A couple of weeks ago, while I was at Downtown Books in Craig, I was delighted to find a brand new book by Craig Johnson. He is the author of 10 bestselling novels set in Absaroka County, Wyoming and featuring Sheriff Walt Longmire. The books are so popular that they have inspired “Longmire,” the A&E drama series, starring Robert Taylor. Johnson’s new book, “Wait for Signs: Twelve Longmire Stories,” is published by Viking Penguin (2014).
My little cottage office is located in our front yard, right next to Pipi’s Pasture. My son Jamie designed and built the office for me some years ago, and I love it.
This column features one more recipe in the pumpkin butter category, but this one is a little different. It is for “Pumpkin Preserves.”
The artwork for “The Midnight Library, “ written and illustrated by Kazuno Kohara, is striking, indeed. The pages are done entirely in light orange, dark blue, and black, and the combination of colors makes the midnight setting feel very real. This 2014 picture book is intended for young readers.
This week’s column features another recipe for pumpkin butter. It’s a recipe “adapted” from one for an apple butter so this week readers get two recipes in all — one for “Spirited Apple Butter” and another for “Spirited Pumpkin Butter.” The recipes were sent in by Virginia Cromer, of Craig.
Sidney Sheldon was a master storyteller, the author of over 20 hard-to-put-down (for me, impossible-to-put-down) best-selling novels. Besides novels, he wrote screenplays for 23 motion pictures, and produced and directed four television series. He is the only writer to have won an Oscar, a Tony and an Edgar!
I’ve always enjoyed the Halloween time of year, mostly because I like pumpkins and scarecrows and all of the other decorations that go along with it. These days kids mostly spend Halloween in Craig where they trick or treat downtown or attend church parties, but we still leave the porch light on when Halloween night rolls around and have treats on hand — just in case.
In September, I reviewed “Mr. Wayne’s Masterpiece” — a children’s book by Patricia Polacco. Then recently, while at the Moffat County Library, I found another new book by Polacco. This book, like many of the other author’s books, is taken from her heritage. So I couldn’t help but review it, too.
When I was a kid growing up on the ranch, Mom made her own pumpkin for pies and breads — that is if the garden pie pumpkins matured.
Each change of season means a change in routine for ranchers and the getting-ready chores that go along with it. Right now, for example, livestock is being moved home from where the animals pastured over the summer. And before they can be moved home, fences along fall pasture have to be checked and hay yards buttoned up.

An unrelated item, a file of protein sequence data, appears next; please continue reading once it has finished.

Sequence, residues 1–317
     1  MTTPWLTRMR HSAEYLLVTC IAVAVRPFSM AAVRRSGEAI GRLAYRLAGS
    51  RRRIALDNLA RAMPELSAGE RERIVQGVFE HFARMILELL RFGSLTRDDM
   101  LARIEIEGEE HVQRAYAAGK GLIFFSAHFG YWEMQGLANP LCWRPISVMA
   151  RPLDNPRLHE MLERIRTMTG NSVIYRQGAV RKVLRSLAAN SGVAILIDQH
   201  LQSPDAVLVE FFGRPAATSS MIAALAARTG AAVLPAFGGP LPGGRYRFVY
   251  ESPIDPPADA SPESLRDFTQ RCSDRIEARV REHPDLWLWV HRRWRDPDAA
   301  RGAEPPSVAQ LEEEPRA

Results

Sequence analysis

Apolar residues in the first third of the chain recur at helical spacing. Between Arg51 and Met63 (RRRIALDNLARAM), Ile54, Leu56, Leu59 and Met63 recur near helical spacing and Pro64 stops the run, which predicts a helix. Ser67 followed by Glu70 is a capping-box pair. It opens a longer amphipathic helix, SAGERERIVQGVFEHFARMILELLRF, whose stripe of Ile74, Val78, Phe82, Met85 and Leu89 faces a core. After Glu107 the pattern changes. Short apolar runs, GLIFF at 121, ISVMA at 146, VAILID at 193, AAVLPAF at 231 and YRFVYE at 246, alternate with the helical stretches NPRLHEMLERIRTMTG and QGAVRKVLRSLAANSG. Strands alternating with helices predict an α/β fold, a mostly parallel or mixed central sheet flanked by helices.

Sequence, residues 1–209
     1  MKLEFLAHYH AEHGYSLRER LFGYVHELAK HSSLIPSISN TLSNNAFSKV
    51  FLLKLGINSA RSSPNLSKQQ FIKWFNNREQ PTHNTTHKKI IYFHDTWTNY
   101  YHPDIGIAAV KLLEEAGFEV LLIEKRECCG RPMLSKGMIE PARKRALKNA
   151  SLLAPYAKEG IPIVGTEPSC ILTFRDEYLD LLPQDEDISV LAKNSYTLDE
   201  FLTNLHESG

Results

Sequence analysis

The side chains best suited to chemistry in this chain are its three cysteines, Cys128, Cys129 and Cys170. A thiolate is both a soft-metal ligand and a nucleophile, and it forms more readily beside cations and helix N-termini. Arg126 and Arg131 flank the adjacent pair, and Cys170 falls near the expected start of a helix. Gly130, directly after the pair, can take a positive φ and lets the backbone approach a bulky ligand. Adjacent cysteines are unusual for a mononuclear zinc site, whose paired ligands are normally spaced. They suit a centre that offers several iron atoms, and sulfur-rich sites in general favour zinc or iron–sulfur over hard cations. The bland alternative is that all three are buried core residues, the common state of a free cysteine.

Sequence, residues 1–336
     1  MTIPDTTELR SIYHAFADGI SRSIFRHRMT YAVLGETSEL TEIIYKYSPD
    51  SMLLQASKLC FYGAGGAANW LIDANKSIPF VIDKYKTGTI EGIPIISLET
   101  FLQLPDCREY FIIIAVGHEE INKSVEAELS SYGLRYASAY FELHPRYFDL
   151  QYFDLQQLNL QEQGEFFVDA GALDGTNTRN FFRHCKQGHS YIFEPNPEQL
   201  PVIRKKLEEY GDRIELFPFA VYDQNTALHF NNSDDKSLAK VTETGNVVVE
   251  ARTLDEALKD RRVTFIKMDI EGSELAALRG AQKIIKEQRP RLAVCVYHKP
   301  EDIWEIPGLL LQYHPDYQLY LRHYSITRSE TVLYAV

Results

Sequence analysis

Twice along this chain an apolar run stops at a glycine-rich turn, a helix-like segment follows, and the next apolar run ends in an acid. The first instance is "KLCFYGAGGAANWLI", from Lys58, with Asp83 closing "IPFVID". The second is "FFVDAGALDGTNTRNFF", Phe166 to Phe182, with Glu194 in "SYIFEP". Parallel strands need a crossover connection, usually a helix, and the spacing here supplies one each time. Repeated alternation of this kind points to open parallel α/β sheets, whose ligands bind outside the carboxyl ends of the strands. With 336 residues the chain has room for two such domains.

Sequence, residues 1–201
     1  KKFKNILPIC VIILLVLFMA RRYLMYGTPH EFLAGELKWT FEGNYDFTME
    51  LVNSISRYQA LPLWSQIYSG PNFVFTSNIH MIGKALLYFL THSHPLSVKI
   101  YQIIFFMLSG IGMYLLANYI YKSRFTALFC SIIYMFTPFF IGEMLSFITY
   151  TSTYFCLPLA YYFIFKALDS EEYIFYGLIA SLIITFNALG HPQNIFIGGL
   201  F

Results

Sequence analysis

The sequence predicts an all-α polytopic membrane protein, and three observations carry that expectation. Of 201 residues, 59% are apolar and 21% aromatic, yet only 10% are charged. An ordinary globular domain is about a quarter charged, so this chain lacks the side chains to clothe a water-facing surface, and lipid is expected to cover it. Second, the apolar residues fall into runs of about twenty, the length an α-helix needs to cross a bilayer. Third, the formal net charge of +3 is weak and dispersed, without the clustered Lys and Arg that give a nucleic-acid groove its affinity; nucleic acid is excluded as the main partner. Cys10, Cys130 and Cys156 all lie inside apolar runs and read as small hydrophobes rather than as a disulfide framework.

“How Many Seeds in a Pumpkin?” was written by Margaret McNamara and illustrated by G. Brian Karas. It’s an older book (copyright 2007) but no matter — it’s a great read. This book has lots of information about pumpkins and a message for readers besides.
I’ve been doing livestock-related chores a good part of my life, and I’ve had my mishaps, incidents that have turned out being a little messy but otherwise not serious. Most of them have been due to bad judgment on my part. My family thinks I need a flag so I can wave it when I get into trouble.
Each year when the 4-H and Future Farmers of America market animal show ring competitions are finished during the Moffat County Fair, the exhibitors await the results of two more contests — figuring the rate-of-gain (from the weigh-in of the market animal at the beginning of the project to the weigh-in at the fair) and the judging of the carcass contest. For some exhibitors, these are the most important results of all. (Ranchers and feeders of livestock probably agree.)
Recently we picked the apples from the trees in our front yard. The apples are small but especially delicious this year. We’ve been enjoying raw apple slices dipped in caramel and peanut butter, but there are so many apples that I’ve been looking through my files to find recipes for cooking them up. I’ve found two recipes.
This week’s book for readers ages 8 to 12 is very special. It’s the young readers edition of “Pay It Forward.” The adult version of the novel, same title, was written by author Catherine Ryan Hyde 14 years ago. That book was an international best-seller, and it became a major motion picture.